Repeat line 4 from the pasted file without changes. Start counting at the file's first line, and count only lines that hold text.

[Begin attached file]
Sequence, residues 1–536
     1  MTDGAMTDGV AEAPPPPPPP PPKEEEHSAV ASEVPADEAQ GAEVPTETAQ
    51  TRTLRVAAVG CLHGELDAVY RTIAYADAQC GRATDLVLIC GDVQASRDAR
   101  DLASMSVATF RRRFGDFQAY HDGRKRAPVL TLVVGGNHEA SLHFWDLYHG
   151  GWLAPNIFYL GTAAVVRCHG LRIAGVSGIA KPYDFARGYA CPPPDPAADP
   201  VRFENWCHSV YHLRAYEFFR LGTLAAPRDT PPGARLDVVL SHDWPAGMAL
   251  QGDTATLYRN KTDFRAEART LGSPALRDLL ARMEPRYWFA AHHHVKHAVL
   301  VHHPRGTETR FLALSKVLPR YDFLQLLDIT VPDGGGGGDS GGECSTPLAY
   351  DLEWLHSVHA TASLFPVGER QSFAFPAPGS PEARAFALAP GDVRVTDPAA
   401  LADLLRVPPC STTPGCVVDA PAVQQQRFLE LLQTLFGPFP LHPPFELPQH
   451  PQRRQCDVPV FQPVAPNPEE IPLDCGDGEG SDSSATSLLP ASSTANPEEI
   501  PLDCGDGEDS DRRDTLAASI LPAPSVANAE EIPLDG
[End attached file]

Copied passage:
   101  DLASMSVATF RRRFGDFQAY HDGRKRAPVL TLVVGGNHEA SLHFWDLYHG